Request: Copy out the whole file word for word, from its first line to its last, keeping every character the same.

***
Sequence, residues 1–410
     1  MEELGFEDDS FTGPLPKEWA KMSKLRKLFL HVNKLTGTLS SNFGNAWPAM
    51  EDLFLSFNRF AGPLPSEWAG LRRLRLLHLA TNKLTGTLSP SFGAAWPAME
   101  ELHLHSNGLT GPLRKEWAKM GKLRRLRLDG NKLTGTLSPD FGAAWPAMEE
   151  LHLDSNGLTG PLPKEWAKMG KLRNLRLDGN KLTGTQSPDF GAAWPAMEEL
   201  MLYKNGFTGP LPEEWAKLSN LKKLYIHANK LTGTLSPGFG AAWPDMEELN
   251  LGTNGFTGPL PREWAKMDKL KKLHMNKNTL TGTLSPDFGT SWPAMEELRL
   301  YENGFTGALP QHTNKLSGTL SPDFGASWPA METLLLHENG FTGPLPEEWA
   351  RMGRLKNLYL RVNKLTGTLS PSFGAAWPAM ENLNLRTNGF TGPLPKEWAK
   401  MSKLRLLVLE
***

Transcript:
Sequence, residues 1–410
     1  MEELGFEDDS FTGPLPKEWA KMSKLRKLFL HVNKLTGTLS SNFGNAWPAM
    51  EDLFLSFNRF AGPLPSEWAG LRRLRLLHLA TNKLTGTLSP SFGAAWPAME
   101  ELHLHSNGLT GPLRKEWAKM GKLRRLRLDG NKLTGTLSPD FGAAWPAMEE
   151  LHLDSNGLTG PLPKEWAKMG KLRNLRLDGN KLTGTQSPDF GAAWPAMEEL
   201  MLYKNGFTGP LPEEWAKLSN LKKLYIHANK LTGTLSPGFG AAWPDMEELN
   251  LGTNGFTGPL PREWAKMDKL KKLHMNKNTL TGTLSPDFGT SWPAMEELRL
   301  YENGFTGALP QHTNKLSGTL SPDFGASWPA METLLLHENG FTGPLPEEWA
   351  RMGRLKNLYL RVNKLTGTLS PSFGAAWPAM ENLNLRTNGF TGPLPKEWAK
   401  MSKLRLLVLE